Art Nouveau, or Jugend style, flourished in Helsinki at the turn of the 20th century. At that time, Finland was characterised by ardent political, cultural and economic developments. Helsinki was growing at an amazing speed, and the old wooden houses had to give way to stone blocks. This neophile boom found its expression in an architecture that reflected Fennophile romanticism, the influences of Art Nouveau and Jugend style from Central Europe as well as the Scottish and American fashion for natural stone facades.
The heritage of this building boom is still a dominant feature in many parts of present-day Helsinki. About 600 buildings date back to the Art Nouveau era, ca. 1895-1915. Large residential areas were constructed entirely in Jugend style. The Katajanokka district with its wide city quarters full of fantastic Art Nouveau buildings is unique in the world. Other neighbourhoods that are particularly rich in Art Nouveau houses are Kruununhaka, Ullanlinna and Eira.
In Finland, Art Nouveau found a special expression in the National Romantic Style, which was perceived as fundamentally Finnish, despite its international influences. The rough granite façade thus became a symbol for Finnishness, and the fortress-like shapes were seen to be filled with references to Finland's medieval history. Nordic legends and nature were a rich source of inspiration for decorative subjects. The most striking examples of this style are the Pohjola building, the National Theatre and the National Museum.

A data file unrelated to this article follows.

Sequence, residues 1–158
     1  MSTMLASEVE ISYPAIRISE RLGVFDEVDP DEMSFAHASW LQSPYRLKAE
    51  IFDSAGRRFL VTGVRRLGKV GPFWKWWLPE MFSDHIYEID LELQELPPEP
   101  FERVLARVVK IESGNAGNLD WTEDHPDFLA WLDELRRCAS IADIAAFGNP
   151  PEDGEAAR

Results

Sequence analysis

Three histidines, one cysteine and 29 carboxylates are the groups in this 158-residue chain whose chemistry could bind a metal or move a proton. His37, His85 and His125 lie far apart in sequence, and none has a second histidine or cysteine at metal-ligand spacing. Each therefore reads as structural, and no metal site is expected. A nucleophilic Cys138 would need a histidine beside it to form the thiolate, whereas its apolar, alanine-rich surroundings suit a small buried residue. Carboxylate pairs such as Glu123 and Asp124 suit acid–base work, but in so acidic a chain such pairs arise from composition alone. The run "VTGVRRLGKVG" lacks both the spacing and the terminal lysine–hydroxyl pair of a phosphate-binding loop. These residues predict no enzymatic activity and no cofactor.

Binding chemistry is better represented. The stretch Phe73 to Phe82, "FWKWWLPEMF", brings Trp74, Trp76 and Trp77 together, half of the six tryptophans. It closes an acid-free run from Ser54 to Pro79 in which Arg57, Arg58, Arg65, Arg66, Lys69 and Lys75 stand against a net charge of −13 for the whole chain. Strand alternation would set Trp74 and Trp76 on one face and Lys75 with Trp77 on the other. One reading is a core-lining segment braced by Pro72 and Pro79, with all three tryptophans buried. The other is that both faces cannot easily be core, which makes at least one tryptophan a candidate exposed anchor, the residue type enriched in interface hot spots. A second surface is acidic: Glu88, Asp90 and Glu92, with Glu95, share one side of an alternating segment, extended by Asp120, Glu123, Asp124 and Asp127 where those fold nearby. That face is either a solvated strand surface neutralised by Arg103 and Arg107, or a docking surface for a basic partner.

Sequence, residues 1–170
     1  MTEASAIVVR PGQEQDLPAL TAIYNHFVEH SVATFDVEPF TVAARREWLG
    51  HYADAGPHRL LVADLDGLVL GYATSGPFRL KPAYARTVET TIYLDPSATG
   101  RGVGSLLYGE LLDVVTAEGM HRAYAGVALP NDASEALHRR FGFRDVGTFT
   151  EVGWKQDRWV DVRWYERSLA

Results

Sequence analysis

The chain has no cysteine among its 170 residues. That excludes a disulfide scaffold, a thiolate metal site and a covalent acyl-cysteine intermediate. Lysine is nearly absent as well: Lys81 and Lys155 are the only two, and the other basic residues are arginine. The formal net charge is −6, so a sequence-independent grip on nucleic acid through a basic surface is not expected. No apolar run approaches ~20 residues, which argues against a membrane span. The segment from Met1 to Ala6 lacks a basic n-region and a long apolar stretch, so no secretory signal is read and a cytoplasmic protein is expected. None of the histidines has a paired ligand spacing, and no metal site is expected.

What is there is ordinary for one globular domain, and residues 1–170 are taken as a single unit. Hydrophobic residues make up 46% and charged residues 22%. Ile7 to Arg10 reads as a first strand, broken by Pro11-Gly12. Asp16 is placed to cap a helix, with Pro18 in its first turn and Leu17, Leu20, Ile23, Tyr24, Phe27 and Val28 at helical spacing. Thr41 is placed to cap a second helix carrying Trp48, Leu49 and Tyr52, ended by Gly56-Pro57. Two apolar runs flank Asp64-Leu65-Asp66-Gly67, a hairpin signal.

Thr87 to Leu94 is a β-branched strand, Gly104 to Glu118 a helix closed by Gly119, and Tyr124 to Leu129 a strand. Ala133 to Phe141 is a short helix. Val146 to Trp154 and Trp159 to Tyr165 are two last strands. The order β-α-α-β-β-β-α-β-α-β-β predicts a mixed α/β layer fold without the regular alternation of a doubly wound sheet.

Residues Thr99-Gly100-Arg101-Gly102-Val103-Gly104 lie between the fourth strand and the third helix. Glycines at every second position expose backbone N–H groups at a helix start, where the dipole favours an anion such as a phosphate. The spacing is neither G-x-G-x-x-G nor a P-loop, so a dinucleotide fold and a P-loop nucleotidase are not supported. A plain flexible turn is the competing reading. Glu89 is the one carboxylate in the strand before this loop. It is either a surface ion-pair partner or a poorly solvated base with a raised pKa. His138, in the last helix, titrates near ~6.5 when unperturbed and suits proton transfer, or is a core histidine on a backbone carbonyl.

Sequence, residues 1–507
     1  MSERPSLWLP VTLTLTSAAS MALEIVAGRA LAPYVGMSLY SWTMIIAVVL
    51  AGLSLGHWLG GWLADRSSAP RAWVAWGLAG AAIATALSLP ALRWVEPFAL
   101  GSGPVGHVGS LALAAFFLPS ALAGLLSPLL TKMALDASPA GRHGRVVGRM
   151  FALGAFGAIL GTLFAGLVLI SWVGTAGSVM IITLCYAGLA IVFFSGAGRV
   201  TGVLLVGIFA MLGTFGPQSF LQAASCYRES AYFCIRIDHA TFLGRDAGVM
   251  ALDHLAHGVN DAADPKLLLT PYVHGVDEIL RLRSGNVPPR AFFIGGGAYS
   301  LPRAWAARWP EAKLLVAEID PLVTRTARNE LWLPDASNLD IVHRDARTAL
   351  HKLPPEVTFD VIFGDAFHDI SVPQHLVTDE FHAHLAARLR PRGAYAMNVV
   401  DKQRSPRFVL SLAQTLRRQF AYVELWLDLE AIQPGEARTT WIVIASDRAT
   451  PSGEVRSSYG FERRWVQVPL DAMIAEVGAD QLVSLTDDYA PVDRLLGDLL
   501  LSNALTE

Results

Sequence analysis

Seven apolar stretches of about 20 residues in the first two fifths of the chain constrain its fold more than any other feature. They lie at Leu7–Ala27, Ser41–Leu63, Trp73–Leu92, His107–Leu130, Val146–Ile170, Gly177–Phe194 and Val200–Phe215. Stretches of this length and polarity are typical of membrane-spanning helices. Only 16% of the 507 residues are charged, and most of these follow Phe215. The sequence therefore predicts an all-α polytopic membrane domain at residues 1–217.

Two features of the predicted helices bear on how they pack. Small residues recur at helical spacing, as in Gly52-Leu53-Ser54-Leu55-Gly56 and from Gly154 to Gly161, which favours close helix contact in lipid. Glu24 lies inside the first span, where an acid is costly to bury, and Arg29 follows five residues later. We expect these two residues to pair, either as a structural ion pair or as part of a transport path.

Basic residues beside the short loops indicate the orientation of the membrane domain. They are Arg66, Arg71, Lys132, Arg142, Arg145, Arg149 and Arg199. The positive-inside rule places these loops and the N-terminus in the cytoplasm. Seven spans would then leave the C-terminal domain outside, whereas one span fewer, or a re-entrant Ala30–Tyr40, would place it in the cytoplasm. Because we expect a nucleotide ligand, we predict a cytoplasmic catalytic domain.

By the end of the Art Nouveau era in the 1910s, Finnish architects were inspired by the practicality and common sense of American architecture. They began to emphasise rational thinking and a simplified style, especially in office buildings. This period also produced some fine monuments in Helsinki, such as the Stock Exchange building, Seurahuone Hotel, the Railway Station and Kallio Church, each possessing especially beautiful interiors.
The first steps to founding the Helsinki City Museum were taken in 1906, in the middle of the Art Nouveau era. One reason for starting museum activities was the desire to document and preserve the earlier townscape of Helsinki, which was being brutally swept away by the Art Nouveau building boom. Today, the museum headquarters are located in a former Art Nouveau department store in Sofiankatu 4. The museum houses an extensive collection of objects, photographs and works of art reflecting the City's history. The preservation of Helsinki's architectural heritage - including our Art Nouveau treasure - is one of the City Museum's central tasks.